On April 26, 2016, Hearthstone changed forever – in perhaps its most dramatic way since launch. Much like other collectable card games, Hearthstone has introduced a rotation system by which certain cards are rotated in and out of the game every year. The basic and classic sets of cards will remain viable forever, but outside of those specific cards, only cards released within the last year will be permitted in competitive play. If you are just playing Hearthstone on rare occasions, fear not – all of your cards are still playable in the alternate, non-competitive format (“Wild”).
For the first year of the new format (“Standard”), we will be losing all of the cards from the Naxxramas adventure (Naxx) and the Goblins vs. Gnomes expansion (GvG).
With Standard and the newest expansion (“Whispers of the Old Gods”) now upon us, I wanted to look back and discuss some of the old cards I will miss the most. While many players point immediately to large cards like Dr. Boom, Antique Healbot, and Sludge Belcher, I would like to highlight some cards that, while less grandiose, still played a large role in shaping the Hearthstone meta.
Goblins vs. Gnomes
Mad Scientist was, perhaps, one of the most innovative cards in the game when it first appeared. Up until this point, secrets in Hearthstone were largely unplayed. They were simply too slow, and far too predictable. However, not only did Mad Scientist hold his own as a 2/2 on board, but his ability to cheat out secrets made him a virtual auto-include in all Mage and Hunter decks. All of the sudden, players realized how powerful secrets could be if they were cheated out using the Mad Scientist’s deathrattle. With Mad Scientist leaving the standard rotation, players will again have to play secrets at value. This will certainly hit the Hunter and Mage classes hard and force players to reconsider the value of secrets in decks.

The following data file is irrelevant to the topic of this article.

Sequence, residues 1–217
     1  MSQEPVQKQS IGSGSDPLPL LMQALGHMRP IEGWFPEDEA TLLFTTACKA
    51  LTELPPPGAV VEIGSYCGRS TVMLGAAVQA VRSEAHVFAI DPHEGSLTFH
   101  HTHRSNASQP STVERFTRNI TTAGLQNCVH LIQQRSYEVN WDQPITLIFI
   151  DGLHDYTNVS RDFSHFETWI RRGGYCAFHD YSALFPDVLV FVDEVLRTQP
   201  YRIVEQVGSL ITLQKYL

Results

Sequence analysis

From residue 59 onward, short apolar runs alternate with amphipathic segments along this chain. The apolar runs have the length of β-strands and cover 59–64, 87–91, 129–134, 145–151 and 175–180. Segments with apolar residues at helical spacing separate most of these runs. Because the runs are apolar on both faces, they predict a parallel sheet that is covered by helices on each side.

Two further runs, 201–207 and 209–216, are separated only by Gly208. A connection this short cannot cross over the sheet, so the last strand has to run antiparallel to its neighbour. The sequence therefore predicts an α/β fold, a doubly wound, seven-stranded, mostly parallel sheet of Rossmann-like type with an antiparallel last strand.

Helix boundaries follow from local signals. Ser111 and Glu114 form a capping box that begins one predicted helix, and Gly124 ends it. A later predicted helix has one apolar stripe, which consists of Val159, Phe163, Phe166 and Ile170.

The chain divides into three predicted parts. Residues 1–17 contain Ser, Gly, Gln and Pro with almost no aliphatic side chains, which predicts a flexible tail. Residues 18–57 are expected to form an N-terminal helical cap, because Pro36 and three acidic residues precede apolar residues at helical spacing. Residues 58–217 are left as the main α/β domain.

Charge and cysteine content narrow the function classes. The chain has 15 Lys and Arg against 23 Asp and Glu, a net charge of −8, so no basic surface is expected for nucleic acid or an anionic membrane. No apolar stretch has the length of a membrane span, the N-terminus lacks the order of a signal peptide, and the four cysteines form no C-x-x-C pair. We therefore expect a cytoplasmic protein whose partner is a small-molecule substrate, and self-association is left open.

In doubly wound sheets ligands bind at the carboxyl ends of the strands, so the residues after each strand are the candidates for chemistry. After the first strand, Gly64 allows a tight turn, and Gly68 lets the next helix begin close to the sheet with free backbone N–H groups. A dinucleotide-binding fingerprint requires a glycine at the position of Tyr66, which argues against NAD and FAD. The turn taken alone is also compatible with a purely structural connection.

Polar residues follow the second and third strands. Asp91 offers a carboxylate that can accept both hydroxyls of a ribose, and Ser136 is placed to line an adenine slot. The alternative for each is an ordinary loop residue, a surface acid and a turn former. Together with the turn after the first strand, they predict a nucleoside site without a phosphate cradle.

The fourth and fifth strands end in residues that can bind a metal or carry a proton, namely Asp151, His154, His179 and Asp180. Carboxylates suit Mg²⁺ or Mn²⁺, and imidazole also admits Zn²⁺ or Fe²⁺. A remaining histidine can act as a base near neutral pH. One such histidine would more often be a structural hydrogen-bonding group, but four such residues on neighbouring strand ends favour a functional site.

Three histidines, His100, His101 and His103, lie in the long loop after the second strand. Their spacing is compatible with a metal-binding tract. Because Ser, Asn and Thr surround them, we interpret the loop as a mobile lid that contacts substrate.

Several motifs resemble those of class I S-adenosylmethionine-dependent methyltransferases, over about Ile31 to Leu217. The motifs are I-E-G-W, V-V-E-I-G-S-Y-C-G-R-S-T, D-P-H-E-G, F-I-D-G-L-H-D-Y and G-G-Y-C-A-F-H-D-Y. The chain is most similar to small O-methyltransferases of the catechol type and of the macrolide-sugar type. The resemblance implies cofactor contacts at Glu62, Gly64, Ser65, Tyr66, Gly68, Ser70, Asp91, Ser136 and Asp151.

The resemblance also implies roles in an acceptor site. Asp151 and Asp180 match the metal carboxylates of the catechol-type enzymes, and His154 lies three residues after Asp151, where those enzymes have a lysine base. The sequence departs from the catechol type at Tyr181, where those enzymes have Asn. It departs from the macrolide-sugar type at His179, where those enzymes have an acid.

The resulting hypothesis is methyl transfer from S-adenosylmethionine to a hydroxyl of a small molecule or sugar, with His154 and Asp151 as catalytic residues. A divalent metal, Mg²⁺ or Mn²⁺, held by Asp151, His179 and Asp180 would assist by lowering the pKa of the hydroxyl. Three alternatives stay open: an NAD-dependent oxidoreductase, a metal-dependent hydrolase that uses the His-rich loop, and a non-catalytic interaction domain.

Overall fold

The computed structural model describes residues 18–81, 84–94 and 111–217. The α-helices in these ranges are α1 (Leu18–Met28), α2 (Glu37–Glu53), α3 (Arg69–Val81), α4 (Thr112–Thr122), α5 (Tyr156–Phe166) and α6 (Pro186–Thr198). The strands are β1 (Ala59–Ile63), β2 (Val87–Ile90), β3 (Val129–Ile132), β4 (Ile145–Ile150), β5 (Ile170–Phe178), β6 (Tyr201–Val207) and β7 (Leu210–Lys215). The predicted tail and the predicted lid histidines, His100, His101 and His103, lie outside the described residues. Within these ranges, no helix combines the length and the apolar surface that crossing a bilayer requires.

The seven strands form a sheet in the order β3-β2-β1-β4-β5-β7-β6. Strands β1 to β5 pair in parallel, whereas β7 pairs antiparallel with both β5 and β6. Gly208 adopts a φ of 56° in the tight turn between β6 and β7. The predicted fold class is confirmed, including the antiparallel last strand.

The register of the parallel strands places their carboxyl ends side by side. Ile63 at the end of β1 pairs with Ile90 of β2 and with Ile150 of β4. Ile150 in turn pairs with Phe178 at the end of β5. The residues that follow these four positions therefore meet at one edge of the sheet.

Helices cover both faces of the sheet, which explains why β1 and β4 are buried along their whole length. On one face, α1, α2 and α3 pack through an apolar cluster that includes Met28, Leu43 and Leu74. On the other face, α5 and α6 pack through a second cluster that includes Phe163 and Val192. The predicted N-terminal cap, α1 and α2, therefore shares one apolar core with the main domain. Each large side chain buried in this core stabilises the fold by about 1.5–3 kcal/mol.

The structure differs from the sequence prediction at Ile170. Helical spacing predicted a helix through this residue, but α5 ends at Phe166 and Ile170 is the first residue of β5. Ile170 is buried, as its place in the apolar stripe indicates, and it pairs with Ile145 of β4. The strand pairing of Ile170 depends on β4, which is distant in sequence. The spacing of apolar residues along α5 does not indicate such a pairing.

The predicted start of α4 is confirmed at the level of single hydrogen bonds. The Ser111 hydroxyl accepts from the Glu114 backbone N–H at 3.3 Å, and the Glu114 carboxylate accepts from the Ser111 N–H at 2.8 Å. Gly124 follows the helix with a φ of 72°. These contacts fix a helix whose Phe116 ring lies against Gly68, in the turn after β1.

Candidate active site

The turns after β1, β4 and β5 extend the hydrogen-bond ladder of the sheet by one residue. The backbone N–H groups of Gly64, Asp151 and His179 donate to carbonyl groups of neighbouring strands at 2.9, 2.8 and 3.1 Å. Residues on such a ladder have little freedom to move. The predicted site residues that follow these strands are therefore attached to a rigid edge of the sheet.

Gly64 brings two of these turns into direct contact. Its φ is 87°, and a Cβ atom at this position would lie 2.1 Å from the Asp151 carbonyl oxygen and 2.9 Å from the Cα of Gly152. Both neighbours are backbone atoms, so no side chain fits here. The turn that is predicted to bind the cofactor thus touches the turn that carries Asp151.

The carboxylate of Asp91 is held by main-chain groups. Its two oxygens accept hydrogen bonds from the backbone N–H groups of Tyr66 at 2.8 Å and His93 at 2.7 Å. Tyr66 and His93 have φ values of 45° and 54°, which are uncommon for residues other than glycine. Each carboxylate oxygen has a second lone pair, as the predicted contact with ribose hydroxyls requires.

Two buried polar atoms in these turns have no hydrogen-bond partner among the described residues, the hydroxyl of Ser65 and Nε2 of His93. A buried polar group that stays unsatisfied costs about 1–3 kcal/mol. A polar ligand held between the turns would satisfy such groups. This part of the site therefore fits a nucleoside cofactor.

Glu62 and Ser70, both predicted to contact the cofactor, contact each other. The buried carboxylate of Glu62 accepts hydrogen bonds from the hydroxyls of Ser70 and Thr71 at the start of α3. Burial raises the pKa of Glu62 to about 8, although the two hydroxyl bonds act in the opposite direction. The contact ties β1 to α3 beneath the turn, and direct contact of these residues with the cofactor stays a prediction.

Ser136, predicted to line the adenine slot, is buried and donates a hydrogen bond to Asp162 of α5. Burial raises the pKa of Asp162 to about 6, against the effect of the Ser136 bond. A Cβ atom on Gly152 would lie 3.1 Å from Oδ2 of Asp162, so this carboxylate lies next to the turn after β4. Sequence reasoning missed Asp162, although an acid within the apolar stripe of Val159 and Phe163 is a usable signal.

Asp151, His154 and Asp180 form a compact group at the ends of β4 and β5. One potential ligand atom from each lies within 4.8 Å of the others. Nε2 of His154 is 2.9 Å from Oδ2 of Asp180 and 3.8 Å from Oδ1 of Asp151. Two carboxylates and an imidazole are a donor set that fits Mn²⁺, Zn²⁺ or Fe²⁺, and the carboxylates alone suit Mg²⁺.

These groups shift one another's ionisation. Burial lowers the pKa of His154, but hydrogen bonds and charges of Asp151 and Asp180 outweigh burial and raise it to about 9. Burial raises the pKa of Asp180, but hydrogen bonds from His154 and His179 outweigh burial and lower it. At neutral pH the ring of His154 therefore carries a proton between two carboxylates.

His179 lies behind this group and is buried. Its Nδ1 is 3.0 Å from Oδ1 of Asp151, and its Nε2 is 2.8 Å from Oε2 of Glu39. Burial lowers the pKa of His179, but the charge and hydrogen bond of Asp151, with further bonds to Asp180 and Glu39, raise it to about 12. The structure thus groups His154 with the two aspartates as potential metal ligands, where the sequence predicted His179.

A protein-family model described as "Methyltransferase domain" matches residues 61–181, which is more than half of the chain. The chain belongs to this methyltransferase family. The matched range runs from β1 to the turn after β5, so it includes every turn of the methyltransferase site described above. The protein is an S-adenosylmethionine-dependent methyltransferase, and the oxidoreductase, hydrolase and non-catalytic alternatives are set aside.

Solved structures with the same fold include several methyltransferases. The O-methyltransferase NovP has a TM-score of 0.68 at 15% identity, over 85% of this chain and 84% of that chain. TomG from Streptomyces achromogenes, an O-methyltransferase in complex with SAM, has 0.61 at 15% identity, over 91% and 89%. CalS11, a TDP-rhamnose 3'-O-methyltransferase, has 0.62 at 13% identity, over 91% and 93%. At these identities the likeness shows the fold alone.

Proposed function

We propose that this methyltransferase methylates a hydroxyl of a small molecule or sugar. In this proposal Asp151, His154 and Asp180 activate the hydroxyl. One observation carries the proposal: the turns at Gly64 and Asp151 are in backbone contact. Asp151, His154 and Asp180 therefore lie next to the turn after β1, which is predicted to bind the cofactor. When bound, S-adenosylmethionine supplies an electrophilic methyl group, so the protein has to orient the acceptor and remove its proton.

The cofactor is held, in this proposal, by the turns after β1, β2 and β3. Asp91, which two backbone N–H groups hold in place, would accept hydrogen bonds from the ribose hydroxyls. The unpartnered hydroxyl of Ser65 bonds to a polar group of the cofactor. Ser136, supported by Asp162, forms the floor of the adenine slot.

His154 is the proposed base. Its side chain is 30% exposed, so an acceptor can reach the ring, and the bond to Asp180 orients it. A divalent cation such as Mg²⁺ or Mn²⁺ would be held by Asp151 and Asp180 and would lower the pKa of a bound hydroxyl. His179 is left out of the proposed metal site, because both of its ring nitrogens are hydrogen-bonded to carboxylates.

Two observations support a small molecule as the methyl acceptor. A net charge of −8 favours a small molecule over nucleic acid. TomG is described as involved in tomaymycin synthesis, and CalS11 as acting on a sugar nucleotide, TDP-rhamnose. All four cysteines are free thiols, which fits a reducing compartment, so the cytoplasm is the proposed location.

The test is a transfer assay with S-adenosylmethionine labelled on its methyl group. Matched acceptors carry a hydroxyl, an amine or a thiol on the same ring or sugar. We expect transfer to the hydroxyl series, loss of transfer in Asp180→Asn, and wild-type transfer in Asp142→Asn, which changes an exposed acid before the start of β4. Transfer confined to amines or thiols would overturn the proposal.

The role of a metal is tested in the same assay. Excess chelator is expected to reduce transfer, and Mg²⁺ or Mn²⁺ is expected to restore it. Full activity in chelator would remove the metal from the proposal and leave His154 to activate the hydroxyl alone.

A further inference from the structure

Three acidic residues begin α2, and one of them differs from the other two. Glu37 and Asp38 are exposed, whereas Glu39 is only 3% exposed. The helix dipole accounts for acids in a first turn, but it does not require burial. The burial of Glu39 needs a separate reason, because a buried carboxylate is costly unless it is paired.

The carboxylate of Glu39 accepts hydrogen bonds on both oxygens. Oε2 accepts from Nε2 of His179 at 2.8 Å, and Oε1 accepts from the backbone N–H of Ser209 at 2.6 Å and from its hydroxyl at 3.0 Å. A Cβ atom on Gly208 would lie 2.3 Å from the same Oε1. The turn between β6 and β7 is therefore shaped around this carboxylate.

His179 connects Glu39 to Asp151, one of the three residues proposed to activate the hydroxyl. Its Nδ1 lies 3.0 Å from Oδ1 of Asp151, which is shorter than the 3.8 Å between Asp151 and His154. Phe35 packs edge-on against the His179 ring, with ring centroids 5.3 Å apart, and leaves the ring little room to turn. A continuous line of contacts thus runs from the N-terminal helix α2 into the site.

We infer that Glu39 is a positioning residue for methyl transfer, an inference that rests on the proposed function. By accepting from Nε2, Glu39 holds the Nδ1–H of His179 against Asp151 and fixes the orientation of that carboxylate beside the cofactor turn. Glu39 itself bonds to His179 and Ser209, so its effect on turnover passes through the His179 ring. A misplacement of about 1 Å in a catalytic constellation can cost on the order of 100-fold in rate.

Not many people are talking about Mechwarper’s retirement from the standard rotation. However, not only is Mechwarper an interesting card, but its elimination essentially destroys all attempts to create decks focused around the mech synergies. Sure, most of the best mechs are also leaving with GvG, so perhaps Mechwarper is mostly symbolic, but I for one am sad to see the mech tribe go so quietly into the night and never truly receive its due. While some classes experimented with mechs (like Mage and Shaman), it always seemed as though the mech decks were just one or two good cards away from being something powerful – and more importantly –fun.
If you were to look up “Zombie Chow” in the metaphorical Hearthstone Dictionary, its definition would read “The #1 card that new players do not understand how to use.” To many players, Zombie Chow just seems like a bad deal. Why would you want to heal your opponent for 5 when the point of the game is to kill your opponent? Aren’t you just helping him win? No! Zombie Chow was great because it allowed players to control the board right from the start. It gave control players a way to combat aggressive early drops, because after all, a control player is not concerned with the health total of his or her opponent. Losing Zombie Chow is a serious loss for the control players, and I would argue just as much so as the loss of Healbot or Sludge Belcher.
Loatheb is probably my favorite card in the game, and might be one of the best designed cards Blizzard has ever thought up. There are very few effects in the game that manipulate the amount of mana other cards cost, and almost none that do so and are not subject to silence effects. Loatheb was, simply put, an ingenious idea that I hope we can see more of in the future. The ability to lock out your opponent from spells, thereby preventing large board clears and tempo swings, was often enough to seal out a game. As an avid Freeze Mage player, I often hated seeing Loatheb plop down onto the board, but I think moving forward, I will miss the card more than any.
As always, I encourage your comments and questions below. If you want to send me a question directly, or you want some help in-game, feel free to email aPurpleTrain@gmail.com. Until next time, good hunting!